Because I am a FIRM BELIEVER in letting people’s behavior dictate my opinion of them I waited to see what would happen on our first day of summer school. He did not ride to school on the bus that first morning but in the afternoon when I went to pick the kids up, he was on. He ran straight to the back and started bouncing from seat to seat. I went back there and smiled and introduced myself. I told him, and the few other kids who were also back there though they stayed in their seats, that I would let them sit anywhere they wanted on the bus, but the rule was: they must choose a seat and stay in it. That moving seats isn’t safe and that if they couldn’t follow this rule, they would have to sit in the front. Mr. Reputation-precedes-him chose to sit in the back and stayed in that seat every day. He asked me for a high-five when he got off the bus. He maintained his great behavior almost the whole summer school session.

Summer school will be over in three days. Just three days shy of the four week mark and he finally needed a reminder of the rules. I believe this (this being long stretches of good behavior) is what you can get when you:

  1. Talk to a child in a clear, explanatory and friendly way.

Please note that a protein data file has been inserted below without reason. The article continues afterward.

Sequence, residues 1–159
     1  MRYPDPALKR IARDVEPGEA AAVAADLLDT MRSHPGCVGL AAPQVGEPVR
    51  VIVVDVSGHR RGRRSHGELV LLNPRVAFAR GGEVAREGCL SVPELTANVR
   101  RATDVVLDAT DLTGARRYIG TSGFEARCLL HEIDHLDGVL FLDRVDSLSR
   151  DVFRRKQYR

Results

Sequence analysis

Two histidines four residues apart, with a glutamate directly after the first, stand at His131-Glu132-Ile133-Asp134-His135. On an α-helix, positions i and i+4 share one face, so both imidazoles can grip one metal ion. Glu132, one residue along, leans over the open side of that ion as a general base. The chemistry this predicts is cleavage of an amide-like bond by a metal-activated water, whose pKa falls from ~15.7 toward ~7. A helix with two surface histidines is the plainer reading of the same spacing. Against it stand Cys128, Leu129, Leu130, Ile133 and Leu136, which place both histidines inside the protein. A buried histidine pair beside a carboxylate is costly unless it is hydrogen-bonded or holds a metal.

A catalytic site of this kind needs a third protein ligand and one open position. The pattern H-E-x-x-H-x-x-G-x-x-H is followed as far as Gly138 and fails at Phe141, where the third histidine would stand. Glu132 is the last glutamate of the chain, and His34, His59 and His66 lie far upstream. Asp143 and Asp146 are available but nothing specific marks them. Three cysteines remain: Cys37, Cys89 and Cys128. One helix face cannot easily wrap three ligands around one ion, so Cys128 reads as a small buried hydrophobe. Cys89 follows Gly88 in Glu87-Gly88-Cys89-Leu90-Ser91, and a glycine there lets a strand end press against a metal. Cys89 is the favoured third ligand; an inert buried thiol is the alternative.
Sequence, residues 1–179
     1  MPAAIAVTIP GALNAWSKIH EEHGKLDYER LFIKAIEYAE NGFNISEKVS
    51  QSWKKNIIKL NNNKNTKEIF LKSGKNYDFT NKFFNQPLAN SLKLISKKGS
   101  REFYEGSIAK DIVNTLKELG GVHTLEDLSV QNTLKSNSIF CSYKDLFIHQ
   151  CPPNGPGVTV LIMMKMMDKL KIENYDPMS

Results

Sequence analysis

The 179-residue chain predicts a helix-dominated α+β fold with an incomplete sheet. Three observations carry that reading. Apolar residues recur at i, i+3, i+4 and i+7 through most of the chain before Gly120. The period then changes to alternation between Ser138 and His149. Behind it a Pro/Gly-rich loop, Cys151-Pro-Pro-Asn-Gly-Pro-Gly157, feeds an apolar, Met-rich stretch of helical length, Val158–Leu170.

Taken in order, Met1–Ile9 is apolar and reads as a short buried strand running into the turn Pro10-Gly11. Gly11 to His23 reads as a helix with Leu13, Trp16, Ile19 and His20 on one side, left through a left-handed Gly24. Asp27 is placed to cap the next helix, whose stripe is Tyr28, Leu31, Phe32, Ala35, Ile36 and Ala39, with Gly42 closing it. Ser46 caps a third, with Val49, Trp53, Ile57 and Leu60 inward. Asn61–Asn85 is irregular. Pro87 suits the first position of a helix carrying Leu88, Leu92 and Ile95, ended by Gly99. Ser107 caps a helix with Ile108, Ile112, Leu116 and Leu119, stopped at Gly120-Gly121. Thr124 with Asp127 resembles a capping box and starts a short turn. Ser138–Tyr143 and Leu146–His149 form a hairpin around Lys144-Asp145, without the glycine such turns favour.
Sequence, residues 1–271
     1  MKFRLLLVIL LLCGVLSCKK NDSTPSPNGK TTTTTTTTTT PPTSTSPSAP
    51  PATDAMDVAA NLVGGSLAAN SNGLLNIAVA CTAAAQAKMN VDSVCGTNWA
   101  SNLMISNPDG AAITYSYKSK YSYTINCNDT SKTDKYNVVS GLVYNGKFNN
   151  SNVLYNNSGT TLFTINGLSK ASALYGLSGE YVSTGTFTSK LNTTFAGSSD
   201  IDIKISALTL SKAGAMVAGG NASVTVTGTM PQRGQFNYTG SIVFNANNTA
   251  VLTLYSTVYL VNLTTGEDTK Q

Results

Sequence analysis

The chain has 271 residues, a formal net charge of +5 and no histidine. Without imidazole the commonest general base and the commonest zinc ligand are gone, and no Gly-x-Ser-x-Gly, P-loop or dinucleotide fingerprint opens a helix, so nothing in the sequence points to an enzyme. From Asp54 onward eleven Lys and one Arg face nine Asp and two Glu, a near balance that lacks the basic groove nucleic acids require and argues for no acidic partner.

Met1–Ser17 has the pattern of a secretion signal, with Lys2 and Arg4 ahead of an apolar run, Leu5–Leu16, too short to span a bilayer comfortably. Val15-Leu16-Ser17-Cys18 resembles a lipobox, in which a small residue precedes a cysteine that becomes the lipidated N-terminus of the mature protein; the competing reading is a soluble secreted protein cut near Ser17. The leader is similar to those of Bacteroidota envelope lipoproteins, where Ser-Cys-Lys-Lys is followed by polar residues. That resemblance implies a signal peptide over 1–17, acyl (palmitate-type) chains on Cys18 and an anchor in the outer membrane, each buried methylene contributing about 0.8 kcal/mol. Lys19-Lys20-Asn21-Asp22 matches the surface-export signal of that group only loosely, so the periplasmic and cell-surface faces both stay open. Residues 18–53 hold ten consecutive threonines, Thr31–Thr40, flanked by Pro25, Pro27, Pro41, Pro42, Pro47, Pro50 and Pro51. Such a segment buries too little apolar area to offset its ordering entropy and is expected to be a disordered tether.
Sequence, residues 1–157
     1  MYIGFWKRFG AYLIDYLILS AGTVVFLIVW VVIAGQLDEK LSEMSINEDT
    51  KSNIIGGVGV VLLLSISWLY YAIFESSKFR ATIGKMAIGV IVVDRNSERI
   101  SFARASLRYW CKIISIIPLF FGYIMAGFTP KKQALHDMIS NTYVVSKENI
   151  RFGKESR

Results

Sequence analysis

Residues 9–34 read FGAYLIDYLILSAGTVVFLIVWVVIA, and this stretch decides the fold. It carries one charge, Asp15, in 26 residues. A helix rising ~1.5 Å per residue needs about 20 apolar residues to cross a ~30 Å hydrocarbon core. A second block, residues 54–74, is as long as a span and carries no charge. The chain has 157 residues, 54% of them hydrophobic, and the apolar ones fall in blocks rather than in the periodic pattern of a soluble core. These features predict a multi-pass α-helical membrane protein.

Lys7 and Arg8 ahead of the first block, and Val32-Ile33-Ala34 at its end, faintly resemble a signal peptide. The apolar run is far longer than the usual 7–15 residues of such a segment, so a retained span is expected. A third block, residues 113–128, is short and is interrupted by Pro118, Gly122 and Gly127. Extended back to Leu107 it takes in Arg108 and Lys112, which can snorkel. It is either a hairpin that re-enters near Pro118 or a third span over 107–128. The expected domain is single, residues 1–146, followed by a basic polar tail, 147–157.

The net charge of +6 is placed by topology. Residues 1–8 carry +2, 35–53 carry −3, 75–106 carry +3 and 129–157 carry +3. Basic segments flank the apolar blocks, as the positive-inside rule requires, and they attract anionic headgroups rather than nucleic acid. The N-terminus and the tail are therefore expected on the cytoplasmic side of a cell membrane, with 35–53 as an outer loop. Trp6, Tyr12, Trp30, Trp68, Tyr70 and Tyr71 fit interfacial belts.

2.  Give them an explanation for what you are asking or telling them to do.
  3. Allow them a second chance if they screw up once or maybe even twice.

Because we don’t give kids enough credit. And we give them too much credit.

This is what I mean by that.

We don’t give kids enough credit because they are SMART!!!! They understand things!! They understand consequences and rewards. They understand danger and fear. They have begun to use logic. Who wants to be told what to do ALL DAY LONG?? Especially WITHOUT explanation? No one. Not even kids.

YES you are the parent/adult/in charge and so what you say goes but that doesn’t mean you should exploit that.

I have to do what my boss says. But if my boss asks me to do something and gives me an explanation why and/or asks me in a normal human way (not shouting or ordering) it makes me glad to do it. It really helps to understand the why, especially if it’s something I don’t really want to do.  I also respect my boss more if she talks to ME with respect. This is not different for children.